I knew this series on Michael Jackson's Rabbi would have legs. See STSS part I
Article discussed in this angry rant: My love affair with evangelical Christians, by Rabbi Shmuley Boteach.
First, Rabbi Shmuley, I have not forgotten that you are the Jewish genius who disliked Passion, primarily because you worried "This is bad for evangelicals because Mel Gibson is closing Jewish hearts to Jesus"
Now, whenever I hear you talking about Jesus I begin to worry that you're trying to open my heart to Jesus, which is the sort of missionary trick that might one day keep my son out of the Yeshiva of his choice. You've encouraged me to "run to read Jesus' beautiful teachings on forgiveness in the New Testament" but if I were to do as you suggest, Shmuley, and open my heart to Jesus, those ancestors of mine who were murdered by Christian brigands and prelates might feel their sacrifice was in vain. So, if it's all the same to you, I'll pass on the New Testament.
Anyway, Shmuley, I'm being coy so let me get right to it: Your argument is nonsense.
Elsewhere you've written that you "believe in the authenticity and integrity of both faiths, as they worship God in their own way" and here you go on for paragraphs and paragraphs about the towering moral superiority of evangelical Christians. Unfortunately our sages (who I admit had no students so illustrious as your Michael Jackson) didn't see it this way. They saw no authenticity and no integrity in Christianity; therefore Jewish law forbids Christianity as idol worship. I know my readers need no reminding of this fact, but you seem to have lost sight of it, so let's review: "Anochi Hashem Elokecha / I am the Lord Your God" -the very first of the 10 Commandments. Also, Christianity stands in opposition to at least four of the Rambam's ikurim. Yet, Shmuley you don't care. Perhaps because you are in love, and love sees no faults.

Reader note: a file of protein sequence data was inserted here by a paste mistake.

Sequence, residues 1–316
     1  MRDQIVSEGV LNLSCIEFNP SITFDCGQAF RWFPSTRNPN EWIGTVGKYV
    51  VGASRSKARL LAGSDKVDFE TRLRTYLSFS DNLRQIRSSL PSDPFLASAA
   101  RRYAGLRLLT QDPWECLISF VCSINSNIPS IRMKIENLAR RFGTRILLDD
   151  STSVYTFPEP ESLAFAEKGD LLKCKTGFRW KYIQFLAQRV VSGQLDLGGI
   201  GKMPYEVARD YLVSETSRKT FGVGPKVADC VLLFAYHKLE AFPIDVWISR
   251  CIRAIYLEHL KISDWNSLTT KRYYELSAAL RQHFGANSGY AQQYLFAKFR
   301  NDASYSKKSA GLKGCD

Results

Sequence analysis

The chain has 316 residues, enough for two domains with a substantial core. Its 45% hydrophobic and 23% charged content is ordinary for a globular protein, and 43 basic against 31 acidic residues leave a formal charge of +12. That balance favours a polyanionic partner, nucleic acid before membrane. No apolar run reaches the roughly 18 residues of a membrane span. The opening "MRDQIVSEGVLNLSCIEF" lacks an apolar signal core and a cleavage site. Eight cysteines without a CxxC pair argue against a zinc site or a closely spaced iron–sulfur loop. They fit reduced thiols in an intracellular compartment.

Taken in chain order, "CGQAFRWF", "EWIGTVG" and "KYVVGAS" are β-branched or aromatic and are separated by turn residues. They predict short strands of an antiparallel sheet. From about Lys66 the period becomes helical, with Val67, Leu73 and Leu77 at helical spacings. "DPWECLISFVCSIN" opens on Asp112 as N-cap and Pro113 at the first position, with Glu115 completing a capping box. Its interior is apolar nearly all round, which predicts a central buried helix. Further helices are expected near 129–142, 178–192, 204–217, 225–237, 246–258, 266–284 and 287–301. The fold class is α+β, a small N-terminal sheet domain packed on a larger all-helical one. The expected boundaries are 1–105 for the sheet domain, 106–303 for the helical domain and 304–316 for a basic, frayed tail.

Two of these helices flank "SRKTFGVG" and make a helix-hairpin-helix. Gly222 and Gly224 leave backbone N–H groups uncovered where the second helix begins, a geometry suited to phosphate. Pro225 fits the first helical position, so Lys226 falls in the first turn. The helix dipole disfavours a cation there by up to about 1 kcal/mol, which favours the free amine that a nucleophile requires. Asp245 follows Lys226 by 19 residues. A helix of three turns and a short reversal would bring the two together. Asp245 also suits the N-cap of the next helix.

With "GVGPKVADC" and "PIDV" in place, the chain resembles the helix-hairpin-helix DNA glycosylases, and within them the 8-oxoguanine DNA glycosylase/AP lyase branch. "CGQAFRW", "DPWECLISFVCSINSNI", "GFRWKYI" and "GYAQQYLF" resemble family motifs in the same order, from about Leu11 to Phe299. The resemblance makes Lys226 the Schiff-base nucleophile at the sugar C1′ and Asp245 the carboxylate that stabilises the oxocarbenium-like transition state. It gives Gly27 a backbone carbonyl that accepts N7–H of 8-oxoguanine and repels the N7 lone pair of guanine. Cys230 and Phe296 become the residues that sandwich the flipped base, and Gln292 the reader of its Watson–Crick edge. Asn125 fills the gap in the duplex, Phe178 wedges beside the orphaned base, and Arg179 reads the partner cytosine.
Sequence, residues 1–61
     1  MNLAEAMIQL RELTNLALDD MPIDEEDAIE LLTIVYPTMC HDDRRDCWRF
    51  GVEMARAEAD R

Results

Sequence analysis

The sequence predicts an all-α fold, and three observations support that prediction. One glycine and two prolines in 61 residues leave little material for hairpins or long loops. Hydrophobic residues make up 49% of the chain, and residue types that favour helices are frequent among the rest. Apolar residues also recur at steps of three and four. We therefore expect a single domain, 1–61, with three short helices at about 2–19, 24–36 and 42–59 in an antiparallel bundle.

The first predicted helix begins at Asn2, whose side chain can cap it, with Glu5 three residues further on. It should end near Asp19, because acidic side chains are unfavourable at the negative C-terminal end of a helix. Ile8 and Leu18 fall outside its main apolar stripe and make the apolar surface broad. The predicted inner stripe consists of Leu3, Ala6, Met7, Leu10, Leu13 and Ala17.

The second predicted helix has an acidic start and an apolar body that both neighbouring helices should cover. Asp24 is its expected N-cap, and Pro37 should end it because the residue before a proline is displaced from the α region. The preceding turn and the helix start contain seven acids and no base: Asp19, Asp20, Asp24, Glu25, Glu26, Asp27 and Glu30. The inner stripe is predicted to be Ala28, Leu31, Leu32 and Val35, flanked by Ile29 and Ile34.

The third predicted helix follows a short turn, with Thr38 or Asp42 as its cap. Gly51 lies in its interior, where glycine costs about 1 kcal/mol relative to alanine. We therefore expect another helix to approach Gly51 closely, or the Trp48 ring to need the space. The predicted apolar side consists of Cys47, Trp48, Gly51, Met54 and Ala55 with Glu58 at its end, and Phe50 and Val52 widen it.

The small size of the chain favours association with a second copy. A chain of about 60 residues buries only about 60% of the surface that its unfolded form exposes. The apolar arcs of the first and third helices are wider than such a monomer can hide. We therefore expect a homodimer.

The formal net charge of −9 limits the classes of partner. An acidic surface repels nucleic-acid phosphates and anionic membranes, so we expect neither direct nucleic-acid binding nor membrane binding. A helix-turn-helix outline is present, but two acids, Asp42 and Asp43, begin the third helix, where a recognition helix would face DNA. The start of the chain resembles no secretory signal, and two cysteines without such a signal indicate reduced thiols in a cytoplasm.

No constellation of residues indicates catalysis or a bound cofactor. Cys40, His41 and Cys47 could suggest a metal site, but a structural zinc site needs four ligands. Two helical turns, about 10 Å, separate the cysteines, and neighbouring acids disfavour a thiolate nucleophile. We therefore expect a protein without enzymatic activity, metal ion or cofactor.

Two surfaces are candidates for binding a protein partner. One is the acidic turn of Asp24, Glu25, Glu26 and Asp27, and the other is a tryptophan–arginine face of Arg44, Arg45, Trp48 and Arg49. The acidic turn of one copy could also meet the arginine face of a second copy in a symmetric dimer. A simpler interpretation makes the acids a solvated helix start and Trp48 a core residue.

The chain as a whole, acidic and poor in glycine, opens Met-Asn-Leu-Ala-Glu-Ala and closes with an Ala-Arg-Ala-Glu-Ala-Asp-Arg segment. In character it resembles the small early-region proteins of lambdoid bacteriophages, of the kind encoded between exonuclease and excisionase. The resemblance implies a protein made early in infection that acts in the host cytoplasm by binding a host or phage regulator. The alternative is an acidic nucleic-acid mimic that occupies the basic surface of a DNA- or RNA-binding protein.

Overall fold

I'm sad Shmuley, that none of this love is reserved for Liberals. You are quick to suggest that liberals are depraved, that liberals "love making up their own morality," but what is the idea that Jesus is mankind's one and only chance at salvation if not "made up morality?" Anyway, if we agree to follow the Rambam's definition of sin, we agree that a person who worships Jesus is morally flawed and intellectually flawed. Embracing the moral and theological lies of Christianity indicates shortcomings in the mind, character and soul.
Liberalism is not nearly so dangerous. Liberalism believes in freedom. At the end of the day, freedom is liberalism's only doctrine. Freedom. In of itself, freedom is no sin, and a zealous love of freedom does not suggest intellectual or moral shortcomings. Sure freedom can be misapplied, like anything, but at bottom freedom is theologically neutral.
Christianity is different. Christianity has among it doctrines the belief in a man-god, and the keen desire for Jesus to restore his kingship on earth. These are sins and worse: These are also delusions, dangerous to Jews and to rational thought. They are also dangerous to the torah's idea of human interaction. After all, which of these two doctrines is closer to Hillel's view that the Torah's prime teaching is "what is despicable to you, don't do to others? The liberal commitment to freedom, or the Christian commitment to Jesus?
Our sages warn: Esiav soneh es yackov. As you cuddle up to Christians please remember that warning. Please remember Christianity's inglorious past of massacres and death camps and other tortures in the name of Jesus over these past two millennia. Please remember that the Jews of Germany were also convinced that thier Christians were different. Compared to Christianity's disgusting record toward Judaism, the last 100 years with Islam has been a Sunday walk in the park, and none of our sages thought the Muslims were idolators. (Anyway the Muslims are Yishmoel. Shmuly's friends are Eisav.)
We don't need the Christians or their made-up morality. We need the protections of Liberalism so we Jews are free to pursue our own definitions of morality, and not some cheap Christian approximation.